U.S. Representative Charlie Crist’s, D-Fla.,“Veteran Treatment Court Coordination Act” passed the U.S. House this week.
At the start of the year, Crist and U.S. Rep. Elise Stefanik, R-NY, brought out the bill which “would enhance state and local veteran treatment court programs that support the unique needs of veterans who find themselves in the criminal justice system.”
The bill passed the House on a voice vote on Tuesday.
Crist’s office explained the bill when the congressman introduced it back in January.
“After serving our country, too many veterans are experiencing mental health issues, substance abuse, and homelessness, which can often land them in the criminal justice system. Veteran treatment courts provide the counseling, care, and support veterans need to help address these challenges and more successfully transition to civilian life,” Crist’s office noted. “The Veteran Treatment Court Coordination Act establishes a program within the Department of Justice, in coordination with the VA, to provide grants, training, and technical assistance to help state, local, and tribal governments develop and maintain veteran treatment courts. Currently, these programs are supported by dedicated individuals in law enforcement, the judicial system, the legal community, VA officials, Veterans Service Organizations, and other community organizations. The bill would provide federal resources for the establishment of new treatment courts.”
“We are blessed in Pinellas and Pasco Counties to have a gold standard veterans treatment court program that offers life-saving and life-changing second chances to non-violent veterans caught in the criminal justice system. Many communities, however, are not so fortunate, and veterans are going without access to this critical support,” Crist said on Monday. “With this legislation, we will expand and bolster existing veterans courts, while helping communities without one set up their own. And with House passage, we are one step closer to this important legislation becoming law. I look forward to supporting efforts to pass a companion bill in the Senate in the coming months.”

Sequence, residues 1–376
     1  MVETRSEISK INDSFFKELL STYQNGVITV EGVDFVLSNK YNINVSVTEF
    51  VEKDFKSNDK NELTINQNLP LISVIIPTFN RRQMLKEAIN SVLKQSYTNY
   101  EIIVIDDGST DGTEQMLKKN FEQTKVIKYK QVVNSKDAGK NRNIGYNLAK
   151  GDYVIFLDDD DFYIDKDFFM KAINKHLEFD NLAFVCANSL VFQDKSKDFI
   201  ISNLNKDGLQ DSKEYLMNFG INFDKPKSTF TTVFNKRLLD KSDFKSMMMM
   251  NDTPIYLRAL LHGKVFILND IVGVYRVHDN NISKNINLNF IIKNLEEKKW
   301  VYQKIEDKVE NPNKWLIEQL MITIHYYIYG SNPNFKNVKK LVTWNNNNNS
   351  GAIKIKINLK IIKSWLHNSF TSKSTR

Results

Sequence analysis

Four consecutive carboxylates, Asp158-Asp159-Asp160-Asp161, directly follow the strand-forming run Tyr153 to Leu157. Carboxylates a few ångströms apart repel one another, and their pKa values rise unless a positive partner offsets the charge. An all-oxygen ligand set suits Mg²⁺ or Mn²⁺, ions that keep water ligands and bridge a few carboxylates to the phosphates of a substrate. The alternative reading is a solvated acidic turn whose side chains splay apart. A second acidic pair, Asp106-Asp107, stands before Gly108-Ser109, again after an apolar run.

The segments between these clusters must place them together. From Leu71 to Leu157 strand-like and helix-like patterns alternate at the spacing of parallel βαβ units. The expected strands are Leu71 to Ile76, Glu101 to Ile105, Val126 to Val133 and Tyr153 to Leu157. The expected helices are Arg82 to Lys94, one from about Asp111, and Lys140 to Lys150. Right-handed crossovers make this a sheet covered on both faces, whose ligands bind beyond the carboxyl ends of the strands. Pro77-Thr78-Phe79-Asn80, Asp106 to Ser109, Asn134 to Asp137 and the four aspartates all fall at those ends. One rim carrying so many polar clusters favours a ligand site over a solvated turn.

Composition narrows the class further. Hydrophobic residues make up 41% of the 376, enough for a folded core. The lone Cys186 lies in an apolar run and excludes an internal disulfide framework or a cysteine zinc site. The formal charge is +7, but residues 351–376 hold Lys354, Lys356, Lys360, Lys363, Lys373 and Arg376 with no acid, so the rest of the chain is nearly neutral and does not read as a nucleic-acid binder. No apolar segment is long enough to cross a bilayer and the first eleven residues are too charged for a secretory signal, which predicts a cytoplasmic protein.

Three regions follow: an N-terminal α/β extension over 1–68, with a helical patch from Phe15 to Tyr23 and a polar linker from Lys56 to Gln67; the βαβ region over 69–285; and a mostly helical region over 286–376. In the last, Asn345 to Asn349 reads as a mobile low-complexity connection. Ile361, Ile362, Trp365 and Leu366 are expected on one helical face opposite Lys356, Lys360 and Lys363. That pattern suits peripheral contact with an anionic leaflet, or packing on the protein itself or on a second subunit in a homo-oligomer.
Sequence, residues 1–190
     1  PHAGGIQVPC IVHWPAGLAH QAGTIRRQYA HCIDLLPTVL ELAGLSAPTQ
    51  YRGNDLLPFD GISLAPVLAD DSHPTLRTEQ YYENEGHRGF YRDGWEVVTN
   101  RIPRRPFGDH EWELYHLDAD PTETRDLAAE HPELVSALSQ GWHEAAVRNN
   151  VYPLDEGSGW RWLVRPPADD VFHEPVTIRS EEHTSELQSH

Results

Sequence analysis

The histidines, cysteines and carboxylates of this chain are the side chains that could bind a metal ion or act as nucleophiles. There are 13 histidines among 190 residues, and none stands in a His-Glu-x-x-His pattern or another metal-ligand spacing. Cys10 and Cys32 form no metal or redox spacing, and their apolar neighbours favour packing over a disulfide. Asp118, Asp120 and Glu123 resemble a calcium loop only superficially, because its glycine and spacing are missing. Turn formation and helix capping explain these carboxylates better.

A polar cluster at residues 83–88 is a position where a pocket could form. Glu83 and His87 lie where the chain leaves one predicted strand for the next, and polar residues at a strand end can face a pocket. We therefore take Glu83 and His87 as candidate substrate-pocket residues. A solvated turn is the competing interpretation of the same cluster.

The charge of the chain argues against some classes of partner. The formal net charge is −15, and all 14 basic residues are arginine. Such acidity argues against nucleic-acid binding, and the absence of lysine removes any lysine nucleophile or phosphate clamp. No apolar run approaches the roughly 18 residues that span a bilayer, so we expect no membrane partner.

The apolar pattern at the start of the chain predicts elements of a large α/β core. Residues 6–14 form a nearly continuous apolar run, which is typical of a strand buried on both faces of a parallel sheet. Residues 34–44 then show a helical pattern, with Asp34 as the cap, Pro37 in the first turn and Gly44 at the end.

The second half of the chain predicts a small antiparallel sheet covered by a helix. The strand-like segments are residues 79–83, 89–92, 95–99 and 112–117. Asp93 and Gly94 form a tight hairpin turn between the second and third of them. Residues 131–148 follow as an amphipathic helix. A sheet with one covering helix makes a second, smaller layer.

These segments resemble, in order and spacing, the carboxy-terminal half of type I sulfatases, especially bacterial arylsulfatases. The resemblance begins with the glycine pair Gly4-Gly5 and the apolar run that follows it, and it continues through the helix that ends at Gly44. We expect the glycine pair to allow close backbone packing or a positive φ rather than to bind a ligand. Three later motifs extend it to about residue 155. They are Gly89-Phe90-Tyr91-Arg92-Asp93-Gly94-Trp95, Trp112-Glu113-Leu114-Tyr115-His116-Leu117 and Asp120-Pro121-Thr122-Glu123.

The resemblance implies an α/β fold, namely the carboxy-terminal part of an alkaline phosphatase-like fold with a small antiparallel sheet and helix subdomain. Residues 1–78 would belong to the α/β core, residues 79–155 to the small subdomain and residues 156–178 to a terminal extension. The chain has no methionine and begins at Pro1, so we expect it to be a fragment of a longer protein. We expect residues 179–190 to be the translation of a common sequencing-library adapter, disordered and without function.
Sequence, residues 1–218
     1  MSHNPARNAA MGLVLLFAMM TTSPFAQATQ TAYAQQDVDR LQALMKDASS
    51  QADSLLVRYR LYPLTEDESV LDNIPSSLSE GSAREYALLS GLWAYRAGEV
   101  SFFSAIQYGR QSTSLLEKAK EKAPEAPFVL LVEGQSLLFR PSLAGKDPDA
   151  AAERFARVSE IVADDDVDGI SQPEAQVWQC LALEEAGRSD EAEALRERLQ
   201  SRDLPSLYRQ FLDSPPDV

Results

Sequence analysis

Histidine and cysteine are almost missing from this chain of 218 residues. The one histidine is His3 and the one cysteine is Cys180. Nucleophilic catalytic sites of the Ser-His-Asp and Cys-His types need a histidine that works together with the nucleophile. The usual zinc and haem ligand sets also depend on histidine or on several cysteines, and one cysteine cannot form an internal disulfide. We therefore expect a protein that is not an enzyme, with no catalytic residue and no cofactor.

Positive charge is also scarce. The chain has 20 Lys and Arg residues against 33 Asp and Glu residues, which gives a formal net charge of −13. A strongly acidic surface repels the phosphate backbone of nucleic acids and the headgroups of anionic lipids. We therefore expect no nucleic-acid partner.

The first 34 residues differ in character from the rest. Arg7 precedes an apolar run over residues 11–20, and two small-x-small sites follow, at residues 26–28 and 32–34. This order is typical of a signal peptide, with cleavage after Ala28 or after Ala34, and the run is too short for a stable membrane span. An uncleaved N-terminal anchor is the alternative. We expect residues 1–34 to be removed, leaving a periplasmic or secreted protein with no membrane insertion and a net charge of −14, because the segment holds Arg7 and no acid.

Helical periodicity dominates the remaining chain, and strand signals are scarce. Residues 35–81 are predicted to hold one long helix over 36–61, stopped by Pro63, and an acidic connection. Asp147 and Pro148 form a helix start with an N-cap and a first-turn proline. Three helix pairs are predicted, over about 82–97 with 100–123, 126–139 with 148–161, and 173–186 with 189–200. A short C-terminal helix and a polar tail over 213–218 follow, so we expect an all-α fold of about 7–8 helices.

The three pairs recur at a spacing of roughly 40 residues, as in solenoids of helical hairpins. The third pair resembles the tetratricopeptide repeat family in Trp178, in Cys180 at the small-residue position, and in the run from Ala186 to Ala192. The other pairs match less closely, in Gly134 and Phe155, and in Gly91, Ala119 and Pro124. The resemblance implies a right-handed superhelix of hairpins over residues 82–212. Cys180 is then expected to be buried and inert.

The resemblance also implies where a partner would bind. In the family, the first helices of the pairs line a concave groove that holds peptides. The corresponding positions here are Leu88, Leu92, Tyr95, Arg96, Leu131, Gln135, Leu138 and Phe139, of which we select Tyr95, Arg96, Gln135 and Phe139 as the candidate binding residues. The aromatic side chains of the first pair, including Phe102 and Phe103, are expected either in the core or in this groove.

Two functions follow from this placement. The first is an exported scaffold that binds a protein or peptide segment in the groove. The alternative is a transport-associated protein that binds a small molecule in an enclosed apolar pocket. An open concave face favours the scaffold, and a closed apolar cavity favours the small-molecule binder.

“It is incumbent on Congress to make sure our veterans receive the best possible treatment when they return home from serving our country,” said Stefanik. “Unfortunately, due to the stressors and psychological impact of their service, some veterans become entangled in the criminal justice system. This bill gives non-violent offenders a chance to rehabilitate themselves through a special program tailored to the unique needs of veterans. I’m grateful to my colleagues for joining us to pass this important, bipartisan bill, and am proud to support our veterans in every way that I possibly can.”
Crist has increasingly focused on veteran treatment courts. From his spot on the U.S. House Appropriations Committee, earlier this year, Crist helped secure $25 million for veterans treatment court programs.
Back in May, Crist announced the funds were included in a $375 million bill dealing with opioids which cleared the House over the summer.
“Our servicemembers answer the call of duty and risk their lives to protect our nation. Unfortunately, after military service, too many veterans experience mental health issues, substance abuse, and homelessness,” said Crist. “Treatment courts offer veterans facing non-violent charges a second chance, keeping them out of jail and into the counseling, care, and support they need to heal.”
While the bill has cleared the House, so far there is no companion bill over in the U.S. Senate.
Kevin Derby can be reached at Kevin.Derby@floridadaily.com.